The following blog post is an excerpt from “Latina Undergraduate Students in STEM: The Role of Religious Beliefs and STEM Identity” originally published in The Journal of College and Character, Volume 20, Issue 1
This phenomenological research study explored how Latina college students in STEM made meaning of and developed their STEM identities, particularly focusing on the role that religious beliefs played in shaping STEM identity. Findings reveal that Latina students believed that their STEM identities and religious beliefs reinforced each other. STEM identity was developed based on the need to balance discrepancies between their religious beliefs and the concepts that they were learning in class. At times, students found it difficult to reconcile these beliefs and attempted to separate their religious identities and beliefs from their STEM knowledge.
Racism, sexism, and socio-economic disparities can narrow educational opportunities for Latina students, both in STEM and other fields. STEM identity plays a critical role in long-term STEM participation, retention, and persistence rates, especially for Women of Color (Brickhouse, Lowery, & Shultz, 2000; Carlone & Johnson, 2007). That being said, both external environments and internal characteristics can influence STEM identity. Like other students (e.g., Abes, Jones, & McEwen, 2007; Harter, Castor, Seigler, & Abrahams, 2018), Latina students have complex, intersectional identities that they must negotiate in educational and STEM spaces.
One such identity is an individual’s religious, spiritual, or faith identity. Prior research has shown that strong religious backgrounds or faiths play a role in the college experience of many students in the Latinx community (Rendón, Nora, & Kanagala, 2014). More broadly, religious experiences have been seen to shape attitudes, perceptions, and behaviors (Emmons & Paloutzian, 2003; Pargament, Ano, & Wachholtz, 2005). Given that religion1 and science can have a contentious relationship both in popular discourse and personal estimation, religious affiliation or identity may have a potentially negative impact on STEM identity. Conversely, a harmonious understanding of the interplay between science and religion may positively impact STEM identity. Despite acknowledgement of the key roles that faith and religious beliefs play for many Latinx college students (Rendón et al., 2014), scholars have not explicitly explored the relationship between religious and STEM identities for Latina students pursuing undergraduate STEM degrees. Understanding this relationship may highlight possible interventions that could improve Latina student retention and persistence in STEM fields.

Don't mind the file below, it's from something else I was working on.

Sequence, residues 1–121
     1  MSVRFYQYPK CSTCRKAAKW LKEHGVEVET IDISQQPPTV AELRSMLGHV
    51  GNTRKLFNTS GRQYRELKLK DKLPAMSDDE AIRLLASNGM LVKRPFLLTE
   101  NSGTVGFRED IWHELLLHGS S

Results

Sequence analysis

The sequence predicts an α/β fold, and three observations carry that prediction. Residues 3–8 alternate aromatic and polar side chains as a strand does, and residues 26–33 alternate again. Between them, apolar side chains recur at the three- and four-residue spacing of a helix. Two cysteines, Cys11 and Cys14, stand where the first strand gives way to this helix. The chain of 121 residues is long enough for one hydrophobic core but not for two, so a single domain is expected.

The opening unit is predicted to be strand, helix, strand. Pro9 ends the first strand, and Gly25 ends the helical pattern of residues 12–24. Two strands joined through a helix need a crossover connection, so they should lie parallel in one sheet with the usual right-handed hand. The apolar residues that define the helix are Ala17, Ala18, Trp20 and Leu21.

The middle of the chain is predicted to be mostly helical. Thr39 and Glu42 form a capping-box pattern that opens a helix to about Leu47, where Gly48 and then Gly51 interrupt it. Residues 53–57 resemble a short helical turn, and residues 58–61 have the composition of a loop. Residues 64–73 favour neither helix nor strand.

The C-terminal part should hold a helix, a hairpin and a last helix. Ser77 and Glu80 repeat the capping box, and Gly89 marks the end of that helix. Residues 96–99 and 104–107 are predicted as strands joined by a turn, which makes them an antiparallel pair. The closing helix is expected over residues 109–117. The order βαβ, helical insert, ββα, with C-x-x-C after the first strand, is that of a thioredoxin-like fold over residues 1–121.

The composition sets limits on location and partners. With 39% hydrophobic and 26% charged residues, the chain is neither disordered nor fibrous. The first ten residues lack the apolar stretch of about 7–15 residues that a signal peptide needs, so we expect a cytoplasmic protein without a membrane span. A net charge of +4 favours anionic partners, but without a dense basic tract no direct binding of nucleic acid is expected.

To address this dearth of knowledge, this phenomenological research study explored how Latina college students in STEM made meaning of their identities, particularly focusing on the relationship between their religious beliefs and their STEM studies. The research study was guided by the following research question: What is the essence of the experience of being a Latina undergraduate student with both religious and STEM identities?
Understanding STEM and Religion for Latinx Students in Higher Education
The scope of this study encompassed religious and spiritual beliefs, Latinx experiences in higher education, and STEM identity. Therefore, we reviewed literature that highlighted the interplay between these concepts, including the role of religion in both higher education and Latinx communities, Latina STEM identity, and the connection between STEM and religion. This literature not only provides context for the current study but also shows both the intricacies of the interplay between STEM, religious, and Latinx identities and the gap addressed by the current study